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NYT Spelling Bee: an archive of disallowed BrE words

Twitter has been my main internet stomping ground since 2009, but I've been withdrawing my labo(u)r from it since October, when it became much more volatile for some reason

The New York Times Spelling Bee has been my morning-coffee activity for some of those years, and since November 2020 I've been jokingly tweeting the BrE words that it hasn't accepted. These go in a thread of posts that always start: 

Perfectly Common BrE Words the @NYTimesGames Spelling Bee Has Denied Me: An Occasional Series

Twitter has really degraded this week, which is making me feel a bit sad that perhaps that thread will have to die. (I'm also sad that the thread has frayed along the way—it's very difficult to read it all the way to the beginning because it splits here and there.) So as a clearly procrastinatory measure, I'm putting the list of "perfectly common BrE words" here, with a little more explanation than they tended to get on Twitter.

For those who don't know the Bee: it's an anagram game where one must use the middle letter. The twist—and what makes it a superior anagram game—is that you can use any of the letters as many times as you like. Here's what it looked like on the 5th of April when I hadn't yet got to Genius level.  (My goal every day is 'make it to Genius before breakfast'. It's nice to be called 'Genius' before you've started work.) 

The game, of course, has its own word list, which is suitably American for its New York Times home. Still, some not-usually-AmE words are playable, like FLATMATELORRY and PRAM. But many words that are part of my everyday vocabulary in England are not playable. And non-AmE spellings are generally not playable. 

There's been a lot of attention to AmE words that (orig. AmE) stump non-American players in Wordle. (Here's Cambridge Dictionary's 2022 Word of the Year post, which covers some—and includes a video in which I talk about why HOMER was a great choice for Word of the Year.) Not as much attention has been paid to the Spelling Bee, which you need to subscribe to. I'm sure British players have their own (mental) lists of American words they've had to learn in order to get "Queen Bee" status (finding all the day's words) in the game. If you're one of them, do use the comments to tell us about those weird words.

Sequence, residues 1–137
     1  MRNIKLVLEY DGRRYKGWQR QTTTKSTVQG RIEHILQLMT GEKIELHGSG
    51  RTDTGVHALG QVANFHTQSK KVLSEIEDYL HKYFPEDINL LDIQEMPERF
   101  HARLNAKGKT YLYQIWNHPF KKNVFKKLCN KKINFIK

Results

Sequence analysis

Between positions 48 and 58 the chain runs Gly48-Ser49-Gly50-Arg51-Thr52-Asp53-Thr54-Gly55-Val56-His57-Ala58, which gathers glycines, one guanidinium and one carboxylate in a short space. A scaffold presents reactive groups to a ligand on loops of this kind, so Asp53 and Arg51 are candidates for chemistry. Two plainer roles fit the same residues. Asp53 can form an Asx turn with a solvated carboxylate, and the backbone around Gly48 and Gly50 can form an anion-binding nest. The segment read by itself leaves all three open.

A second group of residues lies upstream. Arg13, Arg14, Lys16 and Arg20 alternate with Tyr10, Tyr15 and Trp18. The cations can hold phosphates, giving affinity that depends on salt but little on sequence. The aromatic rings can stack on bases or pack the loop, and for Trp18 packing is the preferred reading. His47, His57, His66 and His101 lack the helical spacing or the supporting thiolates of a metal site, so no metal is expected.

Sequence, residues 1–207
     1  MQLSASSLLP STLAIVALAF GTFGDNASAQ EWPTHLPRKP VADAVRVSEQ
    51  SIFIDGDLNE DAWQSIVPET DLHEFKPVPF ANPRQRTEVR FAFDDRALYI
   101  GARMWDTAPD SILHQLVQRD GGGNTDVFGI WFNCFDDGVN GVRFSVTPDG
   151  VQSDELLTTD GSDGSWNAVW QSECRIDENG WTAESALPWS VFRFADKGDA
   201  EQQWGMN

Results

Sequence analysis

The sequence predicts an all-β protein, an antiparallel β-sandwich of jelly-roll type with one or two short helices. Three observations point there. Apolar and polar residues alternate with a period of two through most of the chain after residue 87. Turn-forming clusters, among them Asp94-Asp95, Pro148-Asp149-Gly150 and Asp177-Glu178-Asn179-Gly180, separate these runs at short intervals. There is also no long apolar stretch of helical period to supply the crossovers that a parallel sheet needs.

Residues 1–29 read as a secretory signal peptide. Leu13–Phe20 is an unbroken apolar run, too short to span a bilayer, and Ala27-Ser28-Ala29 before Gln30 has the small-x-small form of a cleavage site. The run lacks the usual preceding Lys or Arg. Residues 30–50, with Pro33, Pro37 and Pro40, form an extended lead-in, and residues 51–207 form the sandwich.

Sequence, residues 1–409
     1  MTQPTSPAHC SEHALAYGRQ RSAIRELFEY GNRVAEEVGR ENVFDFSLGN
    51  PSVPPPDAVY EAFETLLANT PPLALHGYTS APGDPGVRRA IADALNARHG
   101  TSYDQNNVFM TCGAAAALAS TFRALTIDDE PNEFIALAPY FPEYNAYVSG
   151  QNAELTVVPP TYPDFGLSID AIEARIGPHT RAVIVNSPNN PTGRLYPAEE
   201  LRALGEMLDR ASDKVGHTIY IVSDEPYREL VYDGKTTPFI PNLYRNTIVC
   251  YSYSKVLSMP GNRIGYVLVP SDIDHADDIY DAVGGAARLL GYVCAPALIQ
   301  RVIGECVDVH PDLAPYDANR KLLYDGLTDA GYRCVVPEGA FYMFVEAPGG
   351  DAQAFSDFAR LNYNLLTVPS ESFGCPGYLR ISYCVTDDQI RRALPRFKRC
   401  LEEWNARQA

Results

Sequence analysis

So, after all that preamble, here are the "Perfectly Common BrE Words the @NYTimesGames Spelling Bee Has Denied Me" words in alphabetical order, with translations or links to other blog posts. But first, a bit more preamble. The disclaimers! 

  • Words in the puzzle must be at least four letters long, so some of these are suffixed forms for which the three-letter base word was unplayable. If there's an -ED form but not an -ING form (etc.), that'll be because the other one's letters weren't in the puzzle. 
  • Some of these would not have been allowable—regardless of their dialectal provenance—on the basis that they are "naughty" words. I include them anyway. 
  • I have checked questionable cases against the GloWbE corpus to ensure that the word really is more common in BrE than AmE.
  • Some are Irish or Australian by origin, but they are still more common in BrE than in AmE.
  • Sometimes my spelling is a bit liberal here. If I could find one British dictionary that allowed me the word with the given spelling, I included it.  
  • Also the phrase "perfectly common" is not meant to be taken too seriously!
  • These words were not playable at the time when I tried to play them. The word list may have changed and some of them may be playable now. 
  • Red ones are ones that have been unsuccessfully played/tweeted about since I first started this blog list. Green ones have been added to the blog since the original post, but were tweeted-about earlier than that—I just missed them in the tangled Twitter threads when I was writing the blog post. 

  AmE slaughterhouse

AGGRO aggression, aggressive behavio[u]r

AITCH  the letter. Less need to spell it as a word in AmE. See this old post.

ANAEMIA / ANAEMIC  AmE anemia/anemic

ANNEXE  minority spelling in BrE; usually, as in AmE, it's annex

APPAL   AmE appall; old post on double Ls